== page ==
These effectively put capitalism on hold—for months! Though parallels could be made to the way that war sparks a new sense of solidarity based on nationalistic exclusions, in this case, with as much as half of humanity under lockdown at time of writing, a global community of shared fate emerges to confront a shared threat. This is not war—for war means ramping up collective productive activity to increase the efficiency of the war machine against a common foe.
This common foe, Coronavirus, binds humanity together in a shared sacrifice of self-isolation, in which productive activity is reduced, and society is run from the intensive care unit (ICU) of over-burdened hospitals. Collective care, rather than productivity, compels not just individual action, but the emergency measures of the state. Any state that ignores the moral code of the pandemic risks a sacred reckoning.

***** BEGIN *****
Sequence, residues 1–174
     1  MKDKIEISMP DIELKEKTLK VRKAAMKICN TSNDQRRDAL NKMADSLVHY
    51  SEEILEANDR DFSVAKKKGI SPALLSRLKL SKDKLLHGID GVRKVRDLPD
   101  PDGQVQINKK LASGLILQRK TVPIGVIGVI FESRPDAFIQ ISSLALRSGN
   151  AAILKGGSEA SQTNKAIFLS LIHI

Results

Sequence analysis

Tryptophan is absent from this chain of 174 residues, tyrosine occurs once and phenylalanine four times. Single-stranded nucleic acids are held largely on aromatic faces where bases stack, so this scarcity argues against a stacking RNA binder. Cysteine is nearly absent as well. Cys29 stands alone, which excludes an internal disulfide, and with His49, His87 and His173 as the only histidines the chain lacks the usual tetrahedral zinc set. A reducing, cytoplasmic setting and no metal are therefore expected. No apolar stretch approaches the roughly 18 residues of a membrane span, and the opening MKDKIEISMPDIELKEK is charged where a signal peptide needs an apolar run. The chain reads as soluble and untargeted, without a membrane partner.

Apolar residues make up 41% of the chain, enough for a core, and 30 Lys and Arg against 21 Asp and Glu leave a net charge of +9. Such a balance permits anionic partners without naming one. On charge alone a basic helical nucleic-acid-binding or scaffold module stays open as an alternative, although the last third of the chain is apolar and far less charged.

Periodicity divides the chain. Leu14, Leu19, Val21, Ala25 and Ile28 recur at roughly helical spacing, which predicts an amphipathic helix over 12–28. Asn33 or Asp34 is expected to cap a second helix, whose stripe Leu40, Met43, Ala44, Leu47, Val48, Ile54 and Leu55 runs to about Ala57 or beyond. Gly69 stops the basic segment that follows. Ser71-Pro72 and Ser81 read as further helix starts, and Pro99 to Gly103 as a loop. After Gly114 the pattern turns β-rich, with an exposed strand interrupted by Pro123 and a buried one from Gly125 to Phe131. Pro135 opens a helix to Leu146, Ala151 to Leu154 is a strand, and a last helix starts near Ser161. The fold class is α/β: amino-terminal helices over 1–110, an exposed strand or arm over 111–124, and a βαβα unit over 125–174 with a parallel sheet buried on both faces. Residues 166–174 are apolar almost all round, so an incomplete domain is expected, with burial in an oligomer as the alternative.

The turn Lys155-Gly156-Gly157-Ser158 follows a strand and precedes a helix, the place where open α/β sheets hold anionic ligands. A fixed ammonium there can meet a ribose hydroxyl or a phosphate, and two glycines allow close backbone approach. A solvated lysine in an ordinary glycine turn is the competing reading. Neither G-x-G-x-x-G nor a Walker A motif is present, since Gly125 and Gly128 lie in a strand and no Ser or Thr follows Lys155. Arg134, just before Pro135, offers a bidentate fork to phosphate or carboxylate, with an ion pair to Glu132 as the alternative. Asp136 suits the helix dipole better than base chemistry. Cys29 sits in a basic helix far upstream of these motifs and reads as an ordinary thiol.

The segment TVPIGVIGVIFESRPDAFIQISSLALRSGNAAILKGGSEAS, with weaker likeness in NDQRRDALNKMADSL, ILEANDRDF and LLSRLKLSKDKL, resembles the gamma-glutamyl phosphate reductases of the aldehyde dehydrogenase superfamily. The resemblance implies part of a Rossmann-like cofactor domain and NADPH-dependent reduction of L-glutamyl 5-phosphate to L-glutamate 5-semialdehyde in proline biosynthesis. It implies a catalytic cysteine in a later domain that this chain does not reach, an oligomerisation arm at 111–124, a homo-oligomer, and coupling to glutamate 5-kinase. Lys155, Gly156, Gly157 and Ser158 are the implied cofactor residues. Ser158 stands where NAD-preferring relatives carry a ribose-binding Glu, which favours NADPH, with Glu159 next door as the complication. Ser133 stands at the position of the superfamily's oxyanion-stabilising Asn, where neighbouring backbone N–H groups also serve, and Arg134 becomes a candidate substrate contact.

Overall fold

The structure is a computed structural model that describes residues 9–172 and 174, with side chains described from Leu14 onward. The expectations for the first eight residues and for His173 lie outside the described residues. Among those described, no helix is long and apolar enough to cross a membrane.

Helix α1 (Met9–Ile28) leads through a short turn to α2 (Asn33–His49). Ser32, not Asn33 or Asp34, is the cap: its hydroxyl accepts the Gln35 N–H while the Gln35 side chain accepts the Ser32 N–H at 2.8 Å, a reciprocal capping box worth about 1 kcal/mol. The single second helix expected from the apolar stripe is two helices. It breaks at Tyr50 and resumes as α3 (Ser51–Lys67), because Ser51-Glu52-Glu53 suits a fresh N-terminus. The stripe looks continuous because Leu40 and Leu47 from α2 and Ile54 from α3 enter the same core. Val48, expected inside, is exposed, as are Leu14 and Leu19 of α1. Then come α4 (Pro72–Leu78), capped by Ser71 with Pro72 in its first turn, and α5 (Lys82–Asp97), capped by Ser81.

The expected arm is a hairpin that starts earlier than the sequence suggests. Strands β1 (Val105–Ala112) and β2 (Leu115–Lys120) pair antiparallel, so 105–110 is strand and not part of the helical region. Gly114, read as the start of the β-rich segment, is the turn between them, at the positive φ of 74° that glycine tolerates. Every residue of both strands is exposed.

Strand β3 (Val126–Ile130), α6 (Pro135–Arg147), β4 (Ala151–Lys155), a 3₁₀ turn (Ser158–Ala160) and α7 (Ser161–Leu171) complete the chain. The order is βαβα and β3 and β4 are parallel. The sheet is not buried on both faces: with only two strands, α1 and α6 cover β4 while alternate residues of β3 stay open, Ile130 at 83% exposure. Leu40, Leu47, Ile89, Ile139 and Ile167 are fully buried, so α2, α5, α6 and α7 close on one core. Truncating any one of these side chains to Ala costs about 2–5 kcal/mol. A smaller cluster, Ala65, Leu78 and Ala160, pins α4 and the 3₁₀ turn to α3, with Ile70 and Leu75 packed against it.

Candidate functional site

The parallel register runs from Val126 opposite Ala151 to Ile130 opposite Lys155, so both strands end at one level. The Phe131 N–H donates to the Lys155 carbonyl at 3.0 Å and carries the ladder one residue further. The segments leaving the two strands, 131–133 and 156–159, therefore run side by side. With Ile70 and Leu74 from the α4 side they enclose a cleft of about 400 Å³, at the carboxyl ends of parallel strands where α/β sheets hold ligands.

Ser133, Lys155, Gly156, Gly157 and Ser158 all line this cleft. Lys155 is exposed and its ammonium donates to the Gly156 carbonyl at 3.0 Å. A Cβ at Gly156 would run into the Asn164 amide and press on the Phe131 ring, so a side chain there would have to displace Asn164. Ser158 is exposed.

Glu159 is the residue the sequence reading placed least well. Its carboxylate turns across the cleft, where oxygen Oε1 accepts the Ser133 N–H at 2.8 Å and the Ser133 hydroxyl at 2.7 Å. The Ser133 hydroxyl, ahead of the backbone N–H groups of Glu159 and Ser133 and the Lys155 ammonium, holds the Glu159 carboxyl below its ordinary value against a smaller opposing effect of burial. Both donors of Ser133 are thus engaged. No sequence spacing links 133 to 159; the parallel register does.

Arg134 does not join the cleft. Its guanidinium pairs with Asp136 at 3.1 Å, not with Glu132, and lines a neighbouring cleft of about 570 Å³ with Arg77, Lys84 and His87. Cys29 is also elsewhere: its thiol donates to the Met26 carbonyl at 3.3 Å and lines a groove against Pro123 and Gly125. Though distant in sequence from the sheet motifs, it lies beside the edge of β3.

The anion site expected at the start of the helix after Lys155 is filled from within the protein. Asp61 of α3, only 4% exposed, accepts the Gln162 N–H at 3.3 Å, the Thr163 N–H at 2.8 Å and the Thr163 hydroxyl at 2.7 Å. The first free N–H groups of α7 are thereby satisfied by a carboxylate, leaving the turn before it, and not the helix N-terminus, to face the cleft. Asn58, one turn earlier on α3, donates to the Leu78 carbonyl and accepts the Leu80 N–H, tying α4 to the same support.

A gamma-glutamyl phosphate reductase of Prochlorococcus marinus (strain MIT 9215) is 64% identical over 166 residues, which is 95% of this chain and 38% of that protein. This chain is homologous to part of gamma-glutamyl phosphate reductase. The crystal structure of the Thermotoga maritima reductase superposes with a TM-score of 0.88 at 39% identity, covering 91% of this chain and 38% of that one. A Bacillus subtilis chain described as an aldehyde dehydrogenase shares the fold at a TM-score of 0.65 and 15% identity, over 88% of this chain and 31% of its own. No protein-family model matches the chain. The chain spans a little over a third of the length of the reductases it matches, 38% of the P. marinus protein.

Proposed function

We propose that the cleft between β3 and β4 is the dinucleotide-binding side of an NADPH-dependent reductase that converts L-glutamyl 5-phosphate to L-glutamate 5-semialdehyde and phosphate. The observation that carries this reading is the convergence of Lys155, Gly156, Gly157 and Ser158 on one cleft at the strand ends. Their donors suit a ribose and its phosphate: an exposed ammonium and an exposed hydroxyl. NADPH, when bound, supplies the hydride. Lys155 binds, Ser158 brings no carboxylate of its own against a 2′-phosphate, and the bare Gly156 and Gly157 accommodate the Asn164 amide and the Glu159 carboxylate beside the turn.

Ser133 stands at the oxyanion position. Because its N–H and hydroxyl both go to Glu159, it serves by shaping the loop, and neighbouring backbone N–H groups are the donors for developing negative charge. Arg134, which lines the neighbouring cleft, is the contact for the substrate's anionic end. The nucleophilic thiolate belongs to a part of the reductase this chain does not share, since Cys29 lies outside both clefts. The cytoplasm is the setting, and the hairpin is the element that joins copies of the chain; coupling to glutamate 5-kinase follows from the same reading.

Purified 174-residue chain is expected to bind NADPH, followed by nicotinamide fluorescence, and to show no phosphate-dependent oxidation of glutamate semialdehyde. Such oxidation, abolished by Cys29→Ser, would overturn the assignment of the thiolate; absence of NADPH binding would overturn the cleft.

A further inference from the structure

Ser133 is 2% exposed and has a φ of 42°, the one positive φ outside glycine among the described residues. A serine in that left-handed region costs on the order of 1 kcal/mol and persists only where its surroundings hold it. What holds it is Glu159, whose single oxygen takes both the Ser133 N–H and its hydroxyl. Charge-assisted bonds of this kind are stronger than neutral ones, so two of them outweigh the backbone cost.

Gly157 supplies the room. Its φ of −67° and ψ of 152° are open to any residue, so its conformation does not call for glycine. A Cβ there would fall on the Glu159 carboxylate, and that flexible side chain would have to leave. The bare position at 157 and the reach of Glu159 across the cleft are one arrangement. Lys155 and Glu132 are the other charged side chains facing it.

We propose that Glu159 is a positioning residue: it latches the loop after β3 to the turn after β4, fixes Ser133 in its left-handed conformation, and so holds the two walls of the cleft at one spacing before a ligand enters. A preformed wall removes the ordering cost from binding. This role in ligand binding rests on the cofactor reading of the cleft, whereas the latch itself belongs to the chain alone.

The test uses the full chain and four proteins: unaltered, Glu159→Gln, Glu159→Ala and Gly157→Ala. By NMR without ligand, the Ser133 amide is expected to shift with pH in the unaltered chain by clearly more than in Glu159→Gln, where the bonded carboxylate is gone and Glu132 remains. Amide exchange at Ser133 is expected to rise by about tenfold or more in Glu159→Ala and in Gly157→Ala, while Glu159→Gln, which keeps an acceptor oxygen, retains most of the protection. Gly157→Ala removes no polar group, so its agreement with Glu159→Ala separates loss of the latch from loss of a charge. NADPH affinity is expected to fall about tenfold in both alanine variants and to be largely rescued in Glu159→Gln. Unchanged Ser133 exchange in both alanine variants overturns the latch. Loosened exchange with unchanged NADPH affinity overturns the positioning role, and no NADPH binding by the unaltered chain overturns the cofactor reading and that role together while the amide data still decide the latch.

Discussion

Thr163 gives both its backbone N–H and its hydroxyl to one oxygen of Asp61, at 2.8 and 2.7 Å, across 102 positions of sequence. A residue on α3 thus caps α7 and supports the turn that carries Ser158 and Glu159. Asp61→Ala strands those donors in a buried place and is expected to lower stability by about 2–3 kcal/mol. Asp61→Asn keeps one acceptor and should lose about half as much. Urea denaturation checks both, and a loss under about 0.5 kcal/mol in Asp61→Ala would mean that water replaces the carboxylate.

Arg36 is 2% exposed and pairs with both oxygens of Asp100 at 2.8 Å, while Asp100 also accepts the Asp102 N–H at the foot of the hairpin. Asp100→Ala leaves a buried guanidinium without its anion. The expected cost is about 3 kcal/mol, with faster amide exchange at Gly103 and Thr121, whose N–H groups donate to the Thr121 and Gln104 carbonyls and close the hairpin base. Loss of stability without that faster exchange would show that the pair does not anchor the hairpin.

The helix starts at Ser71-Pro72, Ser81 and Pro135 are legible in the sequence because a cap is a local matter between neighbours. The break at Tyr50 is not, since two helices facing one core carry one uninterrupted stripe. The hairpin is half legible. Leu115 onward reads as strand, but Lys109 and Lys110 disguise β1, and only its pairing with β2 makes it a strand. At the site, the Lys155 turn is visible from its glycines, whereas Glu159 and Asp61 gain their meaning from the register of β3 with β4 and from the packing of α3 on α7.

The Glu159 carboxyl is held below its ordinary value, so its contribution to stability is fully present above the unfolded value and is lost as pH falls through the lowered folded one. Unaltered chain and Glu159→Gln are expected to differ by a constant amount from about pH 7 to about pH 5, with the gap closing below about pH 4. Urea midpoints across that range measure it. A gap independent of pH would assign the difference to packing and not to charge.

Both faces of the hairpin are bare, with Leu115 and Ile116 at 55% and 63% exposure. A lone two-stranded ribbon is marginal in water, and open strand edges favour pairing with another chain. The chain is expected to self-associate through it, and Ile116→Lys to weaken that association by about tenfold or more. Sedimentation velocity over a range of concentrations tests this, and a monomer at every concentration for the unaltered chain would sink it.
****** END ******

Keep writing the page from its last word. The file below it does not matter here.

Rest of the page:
Can these more inclusive, less competitive cultural codes replace the capitalist free market?
Certainly, the global health emergency shows how urgent it is for governments and the public to play a more active role in organizing economic life. The lack of basic equipment—face masks, testing kits, ventilators—for something as predictable as a pneumonia pandemic seems to suggest the inefficiency and inadequacy of the free market to handle our immediate needs. It has compounded all other social crises: availability of health insurance, migrant rights, housing rights, tax avoidance, lack of childcare and senior care, and the lack of a guaranteed income to meet basic needs.
Capital finds itself in an awkward situation. Capitalists can’t adequately advocate for their economic interests since to do so would violate the moral code of the pandemic of shared sacrifice. A hapless clown can be useful in times like these, but it is hard to see how the norms of shared sacrifice would remain indifferent to President Trump’s proposal to reopen the economy prematurely—a move that might cost over 2 million American lives.